Tips needed for draining Ford 9 inch differential

Early 70’s Ford truck, Ford 9 inch limited slip differential. There’s no drain plug in either the housing or the carrier. I’ve drained it in the past by loosening the bolts that hold the carrier to the housing enough to pop the seal at the bottom, maybe 1/16 inch. The gear oil drains out, then I tighten the bolts and hope it doesn’t leak. So far it hasn’t developed a leak, but the gasket is nearly 50 years old, so I’m doubting my luck holds this time. My plan is to cross my fingers and do it the same way.

Posts on the internet say to remove the axles and the entire carrier, drain it out, and install a new gasket. This would allow for a better drain and clean, but that’s a big job, especially to do from under the truck in a driveway. Others say to drill a hole in the bottom of the housing, then tap it for a 1/2 inch NPT fitting. Sort of worrying to drill the housing though, given it is a structural member. Still others say to pump it out with a suction pump of some sort. Most who say they attempted this say their attempt didn’t work b/c they couldn’t get the suction tube to the bottom, due to the the limited amount of clearance…

Yays or nays to any of the above? Any other ideas to improve my odds of a successful 9 incher drain?

Drill and tap would be my choice. Do it on the rear of the banjo, not the bottom of the housing. It won’t weaken the housing.

??? … not sure what you mean by “banjo”

Why not do it as you been doing but remove the cover and install a new gasket?

I believe I’d do it the way you have been, except I’d remove the gasket and just squirt a bead of black rtv in there instead of the gasket. Use a can of brake clean to clean the mating surfaces real well before putting the rtv bead down.

I don’t have any experience with a 9”, but I’m assuming the mating surfaces are flat. I never use a gasket on differential covers (which I know a 9” does not have, but you’re still sealing the same thing, pretty much).

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9” is made different. No cover, removable gearset.

It’s between the fiddle and the redneck :joy:

I think he’s talking about what would be the bottom of the cover / inspection plate on a diff that had one.

Re: Why not do it as you been doing but remove the cover and install a new gasket?

I don’t think that’s possible without removing the axles. There isn’t really any cover that’s removable; the front of the third member is the cover. Ford 9 inchers are configured as removable carriers (third members). This is part of what makes them popular for race cars, b/c its fairly easy to reconfigure the vehicles rear axle gear ratios, the decision can be made at the track on race day.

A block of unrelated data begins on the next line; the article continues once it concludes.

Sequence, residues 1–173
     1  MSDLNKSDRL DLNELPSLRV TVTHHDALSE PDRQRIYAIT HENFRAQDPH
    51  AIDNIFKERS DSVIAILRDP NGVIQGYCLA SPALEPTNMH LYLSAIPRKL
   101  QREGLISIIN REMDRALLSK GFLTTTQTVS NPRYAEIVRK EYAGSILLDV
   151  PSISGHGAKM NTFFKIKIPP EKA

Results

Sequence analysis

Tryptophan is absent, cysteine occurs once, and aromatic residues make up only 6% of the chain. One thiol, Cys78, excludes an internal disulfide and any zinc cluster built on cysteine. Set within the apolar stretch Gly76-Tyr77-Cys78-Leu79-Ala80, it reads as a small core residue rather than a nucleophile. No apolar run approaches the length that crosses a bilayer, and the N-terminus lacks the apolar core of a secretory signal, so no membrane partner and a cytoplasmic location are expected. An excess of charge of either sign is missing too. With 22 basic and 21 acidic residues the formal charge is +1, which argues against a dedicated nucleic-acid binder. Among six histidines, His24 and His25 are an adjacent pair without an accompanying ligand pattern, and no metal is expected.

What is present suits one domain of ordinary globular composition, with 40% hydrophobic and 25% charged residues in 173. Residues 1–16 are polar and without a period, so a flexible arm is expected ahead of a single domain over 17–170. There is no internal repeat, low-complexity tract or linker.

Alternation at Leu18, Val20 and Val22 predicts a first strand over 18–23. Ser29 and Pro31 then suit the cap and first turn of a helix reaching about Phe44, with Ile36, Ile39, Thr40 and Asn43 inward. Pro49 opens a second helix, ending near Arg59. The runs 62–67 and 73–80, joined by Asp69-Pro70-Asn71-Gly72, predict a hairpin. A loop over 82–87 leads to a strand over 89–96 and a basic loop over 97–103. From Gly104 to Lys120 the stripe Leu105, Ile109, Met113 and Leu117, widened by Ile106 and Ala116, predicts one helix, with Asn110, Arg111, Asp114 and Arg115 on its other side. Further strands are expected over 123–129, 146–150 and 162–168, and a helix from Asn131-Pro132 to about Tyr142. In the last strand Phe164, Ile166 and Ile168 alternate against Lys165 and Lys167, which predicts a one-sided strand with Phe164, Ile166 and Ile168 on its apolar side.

Thank you I did not know that.

Good one. :laughing:

my 2 cents… you got lucky so far with a 50 year old gasket. might be time to do it right and replace it. either by you or a shop. plus you will get all the gunk out that lays on the bottom. also do as Mustangman said for the future.

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The big round part of the axle housing the ring gear carrier bolts into.

also since you have to pull the axels, change the axel wheel bearings an seals.

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Do you have to pull the axles completely, or just slide them out a few inches?

slide them out about 6 inches

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Ok, I understand. The thing that looks like a big pumpkin. That’s what I meant by the “housing” as it has the lowest spot I think.

Now that I think about this, I recall I actually removed the carrier about 20 years ago. I didn’t have to entirely remove the axles, just pull them out enough so they came out of the third member side gears. I put the third member in the trunk of my Corolla and drove it to work. A co-worker there has 9 incher expertise b/c he enjoyed building dirt track race cars for a hobby. I didn’t know if the backlash was correct or not, thought it might have too much and that was causing a clunk sound. Took him no more than two minutes of fiddling, he said the backlash was correct. Anyway, when I reinstalled the third member I’m sure I used a new gasket. So the gasket is actually only 20 years old.

Wonder what that carrier weighs? George, can you bench around 200? :stuck_out_tongue_closed_eyes:

Kidding. They make jacks for that. Although I have bench pressed a transfer case or two into place.

How many miles on the gear oil? If under 50k and the clutches aren’t grabbing or chattering…I might skip it if you don’t put many miles on it, honestly.

It has under 50K since I last removed the carrier, but the clutches are definitely grabbing, which is what is motivating me to do a drain and fill and adding some new slipperiness modifier.

OMG! It was really a challenge last time I did it. I used a jack to help get it out of course. Still, it’s not an easy thing to do, first b/c it isn’t easy to find a balance point to place the jack at, and second it is covered by about the most slippery stuff imaginable, so it is very hard to grab hold of enough to steady. It was definitely one of my three-stooges moments … lol …

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Plus, you get to enjoy that funky gear oil aroma. I took a bath in it when I changed the oil in my dad’s 1950 Chevy truck as a teen. Mmmm…1950’s gear oil! Gear oil smell has kind of made me a little nauseous ever since !

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The aroma of the gear oil is bad enough, but that slipperiness modifier is even worse.

Last time I removed the carrier, I recall I now that I also replaced the clutches while the third member was out. So hopefully just a drain a refill will do the job.